sábado, 31 de diciembre de 2011

The kind of record you don't want to set...

European banks set new records this past week for monies left on deposit overnight at the European Central Bank. It's another indicator of the intense concern about the denouement of the European sovereign and bank crisis.

jueves, 22 de diciembre de 2011

Consumption buoyed the Mexican economy in Q3...

Consumption drove growth in the third quarter. Measured using the US reporting methodology (versus previous quarter, annualized), private consumption climbed 8.4% and government consumption, 8.8%. Investment rose 8.0%. Exports, in contrast, contracted 2.0%. 

sábado, 17 de diciembre de 2011

Sound familiar?

From an article in today's New York Times:

"...Italian politicians, whose salaries rank above the European Union average and who are widely seen as more eager to protect their privileges than their country’s future, have balked at the prospect of belt tightening for themselves."

miércoles, 14 de diciembre de 2011

One British view of the choice confronting Germany...

Martin Wolf of the The Financial Times concludes that Germany's choices are these...

"Germany must choose between a eurozone disturbingly different from the larger Germany it expected, or no eurozone at all. I recognise how much its leaders and people must hate this choice. But it is the one they face. Chancellor Angela Merkel must dare to make that choice, clearly and openly."

For his analysis, see 

jueves, 8 de diciembre de 2011

The ECB cuts again...

The ECB cut the interest rate another 25 basis points today, leaving the rate at 1%. It's the second 25 basis point rate cut in less than five weeks. The first reversed the 25 basis point increase in July under former ECB President Jean-Claude Trichet; it occurred the second day of Mario Draghi's brief tenure as the new head of the ECB.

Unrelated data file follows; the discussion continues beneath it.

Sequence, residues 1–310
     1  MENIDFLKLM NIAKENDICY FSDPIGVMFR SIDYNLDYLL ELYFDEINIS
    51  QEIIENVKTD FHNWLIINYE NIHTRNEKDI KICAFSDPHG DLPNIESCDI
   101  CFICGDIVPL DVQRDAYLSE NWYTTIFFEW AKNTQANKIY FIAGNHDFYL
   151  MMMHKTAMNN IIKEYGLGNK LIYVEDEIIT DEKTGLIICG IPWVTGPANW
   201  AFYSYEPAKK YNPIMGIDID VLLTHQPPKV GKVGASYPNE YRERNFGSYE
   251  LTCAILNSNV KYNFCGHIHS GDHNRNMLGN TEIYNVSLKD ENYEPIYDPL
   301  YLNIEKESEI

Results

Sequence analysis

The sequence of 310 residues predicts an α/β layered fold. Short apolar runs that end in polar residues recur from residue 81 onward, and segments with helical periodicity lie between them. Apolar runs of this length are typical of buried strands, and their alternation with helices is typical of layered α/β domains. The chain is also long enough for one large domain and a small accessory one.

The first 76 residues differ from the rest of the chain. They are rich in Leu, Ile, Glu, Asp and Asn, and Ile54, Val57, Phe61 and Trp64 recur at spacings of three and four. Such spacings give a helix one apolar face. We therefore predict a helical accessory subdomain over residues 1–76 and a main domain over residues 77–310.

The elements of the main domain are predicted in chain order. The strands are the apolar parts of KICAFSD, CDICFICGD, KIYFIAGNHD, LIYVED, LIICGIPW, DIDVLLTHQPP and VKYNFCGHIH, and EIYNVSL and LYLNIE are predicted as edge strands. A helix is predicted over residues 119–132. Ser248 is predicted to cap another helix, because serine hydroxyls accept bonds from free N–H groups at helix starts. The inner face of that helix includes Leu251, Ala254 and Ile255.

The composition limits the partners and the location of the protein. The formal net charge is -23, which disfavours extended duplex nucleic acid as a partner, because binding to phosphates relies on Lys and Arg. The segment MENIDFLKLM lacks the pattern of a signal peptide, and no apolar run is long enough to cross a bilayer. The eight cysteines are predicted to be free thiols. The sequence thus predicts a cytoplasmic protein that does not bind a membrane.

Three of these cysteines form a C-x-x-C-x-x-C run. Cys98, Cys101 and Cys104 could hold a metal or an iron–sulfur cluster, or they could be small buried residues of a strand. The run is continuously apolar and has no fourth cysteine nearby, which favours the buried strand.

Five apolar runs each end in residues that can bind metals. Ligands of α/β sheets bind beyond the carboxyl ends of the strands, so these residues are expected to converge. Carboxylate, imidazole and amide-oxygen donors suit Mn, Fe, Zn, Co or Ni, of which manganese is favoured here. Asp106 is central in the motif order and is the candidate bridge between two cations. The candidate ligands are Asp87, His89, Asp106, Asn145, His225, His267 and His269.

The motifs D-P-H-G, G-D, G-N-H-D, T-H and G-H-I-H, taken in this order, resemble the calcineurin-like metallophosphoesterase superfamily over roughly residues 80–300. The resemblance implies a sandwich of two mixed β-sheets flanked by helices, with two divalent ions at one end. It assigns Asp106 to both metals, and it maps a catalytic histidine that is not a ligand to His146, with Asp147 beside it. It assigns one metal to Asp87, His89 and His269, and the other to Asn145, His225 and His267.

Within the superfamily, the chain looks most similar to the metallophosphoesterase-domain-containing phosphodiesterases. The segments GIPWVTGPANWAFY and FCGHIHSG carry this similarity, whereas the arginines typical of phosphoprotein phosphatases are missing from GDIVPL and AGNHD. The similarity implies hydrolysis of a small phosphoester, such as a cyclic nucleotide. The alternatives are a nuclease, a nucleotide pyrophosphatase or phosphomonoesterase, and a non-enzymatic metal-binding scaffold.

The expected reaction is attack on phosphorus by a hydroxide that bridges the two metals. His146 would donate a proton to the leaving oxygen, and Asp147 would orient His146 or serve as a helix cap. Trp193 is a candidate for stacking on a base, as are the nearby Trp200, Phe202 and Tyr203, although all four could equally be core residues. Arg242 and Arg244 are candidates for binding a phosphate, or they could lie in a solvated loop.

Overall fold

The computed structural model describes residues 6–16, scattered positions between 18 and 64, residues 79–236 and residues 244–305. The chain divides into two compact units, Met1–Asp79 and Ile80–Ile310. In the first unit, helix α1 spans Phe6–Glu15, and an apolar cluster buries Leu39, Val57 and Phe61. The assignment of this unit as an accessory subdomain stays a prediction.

What does this mean for Mexico?

First, it's a signal of just how fragile the situation in Europe is. The two rate reductions are an abrupt about face of ECB policy and demonstrate that the central bank is much more concerned about a recession than inflation at this point in time. Today's rate cut was accompanied by measures to keep the inter-bank lending market moving, another indication that European banks are facing severe funding pressures. If Europe blows, it will hit growth in Mexico.

Second, the odds that Banxico will reduce the Mexican reference rate in the first quarter of 2012 are substantially higher. Not that a lower interest rate is going to be terribly effective in offsetting the impact of a European crisis...

martes, 6 de diciembre de 2011

"Full of sound and fury,"

Shakespeare finished his famous line with "signifying nothing". We have to hope that the meetings Europe's leaders are holding this week have a different ending than Shakespeare's. Otherwise, it's hard to imagine anything other than some variant of the fourth quarter of 2008 playing out in the markets.

That the IMF will be able to forestall the turmoil the markets fear is unlikely. The Fund's available resources don't quite cover the debts Italy and Spain must rollover in the next six months. The US Treasury has already indicated it doesn't look favorably on proposals to increase the Fund's lending capacity.

That S&P is on the verge of downgrading all European sovereigns, including France and Germany, suggests just how dangerous the situation is.

The only realistic option to avoid a meltdown is if the European Central Bank (ECB) can act as lender of last resort for the EU. It's up to Germany.